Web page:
Look out for yourself. You are not personally responsible for the harmony of the office. Do what you can, but remember the Serenity Prayer. Whether you are religious or not, the idea of understanding what is your responsibility and what is not is a core truth. You can’t do it all, but you can make your slice of the world more peaceful.

Good Luck,

GoodWitch

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Hear the coaches – Podcasts coming. Talk to the coaches! –  Personal and group coaching available.

Mondays money, work, purpose dilemmas. Thursdays family, relationships, love dramedy. Send your FREE brewing questions on how to thrive—not just survive— modern life to: coaching@stillsitting.net.

© 2009 ManifestGroup. No materials may be used without expressed written permission.

Help!, I’m being held captive in a fortune cookie factory (or Workplace Gitmo)!

madmenjoan

Post-MSG reading, you might have one of two reactions, 1) to fight your visceral urge to help; or 2) to laugh it off as a joke. No matter your reaction, a person who feels a prisoner to their cut off workplace options, is an unhappy person feeling trapped between a Chatty Cathy and a politico outsider hard place. But when the ransom for your freedom is your precious time and reputation (gossiper), know that you can take hold of the reins! Time to cut the talking string that bind us, and blow this biscuit facility.

— BadWitch

Readers Are Spellbound & Perplexed…

Dear GW/BW – The big boss’s assistant is a true Chatty Cathy…how do I kindly extricate myself from her gossipy clutches. Please know she’s a very nice person but she has a hard time taking a hint – and, I need to stay in their good graces! Please help. — Captive Audience, Chicago, IL

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Dear Non-Stockholmed,

Politics! Intrigue! Gossip! As you know, oh captive one, that’s a tough situ and not as glamorous as it may sound outside your particular 9-5 pokey. My recommendation is as simple as I’m telling you to keep it. Tell her straight up you need to keep the conversations between you separated: professional and personal. Then whenever possible, be specifically on-purpose and on-point with your boss, and charge on in on (real or supposed) deadline past her frontline gatekeeper. Keep exemplifying for Chatty Cathy on every occasion – consistently – around her desk, your bosses’ door, at your desk, that you are On a Mission. Then whenever you see her otherwise, in the caf, in the parking lot, in the Ladies’ Conference Room…you can chat her up socially. Soon enough, you will train her as to the etiquette you need and want her to treat you (and you her!) by. In other words (and it’s my 2009 favorite), boundaries! And Bonus Points!, you will be helping this theta-brainwave babbler get back into her body by recognizing her surroundings more often. Being friends with people at work, and friendly with people you work with are not the same thing.

Cut the cord,

BW

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Dear Captive Audience,

Now is the time for strategic thinking. The boss’ assistant is not where your challenge necessarily ends. She has your boss’ ear. It will be an important thing to remind yourself of as you take on strategically managing her gossip habit.

Gossiping is a habit, for many formed sometime in high school when one scored points for knowing dirt on others. Queenbees and Wannabees shows a breakdown of girls high school cliques the power girls draw from gossip. Being the “Informant” means you are in the know. It is also means you are protected from outside bullying because of what you know and who you know it about. Come on, you watch Gossip Girl, right?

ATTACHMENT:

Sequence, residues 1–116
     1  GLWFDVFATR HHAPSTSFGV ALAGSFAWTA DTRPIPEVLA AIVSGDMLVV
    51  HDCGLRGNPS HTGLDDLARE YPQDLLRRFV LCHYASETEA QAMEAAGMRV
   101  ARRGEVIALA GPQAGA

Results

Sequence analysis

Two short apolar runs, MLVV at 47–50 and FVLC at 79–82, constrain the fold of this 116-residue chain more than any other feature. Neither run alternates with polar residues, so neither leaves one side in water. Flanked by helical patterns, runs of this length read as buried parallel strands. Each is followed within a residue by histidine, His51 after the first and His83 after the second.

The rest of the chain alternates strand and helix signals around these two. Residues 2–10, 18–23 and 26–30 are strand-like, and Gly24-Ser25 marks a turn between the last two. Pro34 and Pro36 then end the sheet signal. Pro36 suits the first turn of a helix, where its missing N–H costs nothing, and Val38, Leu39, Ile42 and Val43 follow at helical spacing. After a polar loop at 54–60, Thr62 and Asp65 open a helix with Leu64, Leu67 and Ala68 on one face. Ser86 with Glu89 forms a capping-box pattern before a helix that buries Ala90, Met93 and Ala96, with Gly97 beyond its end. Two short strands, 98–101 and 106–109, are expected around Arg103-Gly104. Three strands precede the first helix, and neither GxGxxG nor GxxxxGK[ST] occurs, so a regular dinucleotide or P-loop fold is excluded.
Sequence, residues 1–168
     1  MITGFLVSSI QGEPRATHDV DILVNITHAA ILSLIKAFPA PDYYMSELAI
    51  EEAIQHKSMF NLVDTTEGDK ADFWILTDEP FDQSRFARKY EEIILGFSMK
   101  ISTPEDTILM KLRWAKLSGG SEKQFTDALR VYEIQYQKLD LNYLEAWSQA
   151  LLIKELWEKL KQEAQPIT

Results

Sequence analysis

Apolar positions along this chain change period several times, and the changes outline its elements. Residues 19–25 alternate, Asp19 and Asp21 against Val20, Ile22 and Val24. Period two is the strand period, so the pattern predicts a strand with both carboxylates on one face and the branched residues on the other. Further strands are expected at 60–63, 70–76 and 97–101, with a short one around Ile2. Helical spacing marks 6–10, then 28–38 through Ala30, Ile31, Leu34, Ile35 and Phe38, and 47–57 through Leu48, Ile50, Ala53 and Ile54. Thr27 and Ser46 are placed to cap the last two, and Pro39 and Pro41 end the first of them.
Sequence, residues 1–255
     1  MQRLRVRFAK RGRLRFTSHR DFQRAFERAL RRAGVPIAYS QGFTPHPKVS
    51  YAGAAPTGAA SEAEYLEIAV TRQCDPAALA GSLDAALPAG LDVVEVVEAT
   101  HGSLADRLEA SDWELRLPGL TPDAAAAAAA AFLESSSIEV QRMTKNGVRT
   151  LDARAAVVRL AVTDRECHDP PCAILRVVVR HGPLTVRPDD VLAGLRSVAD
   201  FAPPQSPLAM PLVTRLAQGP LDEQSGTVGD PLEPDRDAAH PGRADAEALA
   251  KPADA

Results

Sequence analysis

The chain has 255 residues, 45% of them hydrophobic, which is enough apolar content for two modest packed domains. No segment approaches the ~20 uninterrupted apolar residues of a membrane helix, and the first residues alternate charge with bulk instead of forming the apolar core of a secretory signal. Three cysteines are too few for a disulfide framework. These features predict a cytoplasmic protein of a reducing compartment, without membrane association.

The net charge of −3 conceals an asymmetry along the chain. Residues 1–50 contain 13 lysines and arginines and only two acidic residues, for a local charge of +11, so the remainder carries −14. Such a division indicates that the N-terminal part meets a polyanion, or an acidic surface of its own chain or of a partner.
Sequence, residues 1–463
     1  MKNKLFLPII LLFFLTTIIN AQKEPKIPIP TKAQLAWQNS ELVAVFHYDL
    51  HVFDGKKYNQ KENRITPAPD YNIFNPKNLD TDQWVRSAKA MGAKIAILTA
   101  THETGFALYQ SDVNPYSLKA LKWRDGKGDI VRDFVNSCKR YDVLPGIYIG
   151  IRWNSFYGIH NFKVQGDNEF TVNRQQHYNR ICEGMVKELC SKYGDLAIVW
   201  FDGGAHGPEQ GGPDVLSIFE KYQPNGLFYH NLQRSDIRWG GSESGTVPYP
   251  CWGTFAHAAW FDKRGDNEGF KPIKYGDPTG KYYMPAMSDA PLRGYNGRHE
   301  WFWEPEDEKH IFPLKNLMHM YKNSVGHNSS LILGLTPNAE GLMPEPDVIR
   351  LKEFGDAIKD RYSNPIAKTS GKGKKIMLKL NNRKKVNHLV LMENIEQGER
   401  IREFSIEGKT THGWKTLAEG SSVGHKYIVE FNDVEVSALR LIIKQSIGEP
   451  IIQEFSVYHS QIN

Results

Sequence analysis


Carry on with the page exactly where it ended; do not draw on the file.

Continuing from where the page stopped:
When dealing with this sort of “Chatty Cathy,” my first recommendation is to protect yourself. Be very aware of the stories or comments you share with her. If she is willing to share dirty information on others with you, chances are she’ll share your dirt with others. This makes the cubicle gossip much more of a minefield. If you get sucked in and start to agree or add your own 2¢, it could easily end up in a co-workers ear, starting a landslide of public opionion against you. Let’s face it, when she shares the info she’s not giving up her comments—just yours.

The best offense to this kind of insidious poison is deflection. When your boss or her assistant start in a line of gossip, change the subject. Sometimes this is as easy and linking her story to something you’ve seen on TV and then taking the subject straight off somewhere else. If, however, your boss’ assistant is a dog with a bone, play her by pointing out the positives in a “look on the bright side kind of way.” I have a neighbor who enjoys negative gossip. Whenever the rampage starts, I point out the positives, “well, at least it’s off your desk” etc., etc. Then when I segue into a new topic, he latches on. Why? Because he has not been getting any energy to feed the negative gossip. I’m just no fun to gossip with! Then when I start up some new conversation, he jumps on board. He really just wants to chat, but his habit is to gossip chat. Retraining continues, but we maintain good, cooperative feelings for one another—just as you must with your boss…even if it’s through her assistant.

And remember, if its been an extremely daunting round of let’s change the subject, you can always excuse yourself to the bathroom or create an “I have to deal with this right now” matter that slipped your mind until just that second. It’s not dishonest, it’s self-protection of mind, spirit and job. Dodge ball is more than game.

Better to buzz off,

GoodWitch

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Hear the coaches – Podcasts coming. Talk to the coaches! –  Personal and group coaching available.

Mondays money, work, purpose dilemmas. Thursdays family, relationships, love dramedy. Send your FREE brewing questions on how to thrive—not just survive— modern life to: coaching@stillsitting.net.

© 2009 ManifestGroup. No materials may be used without expressed written permission.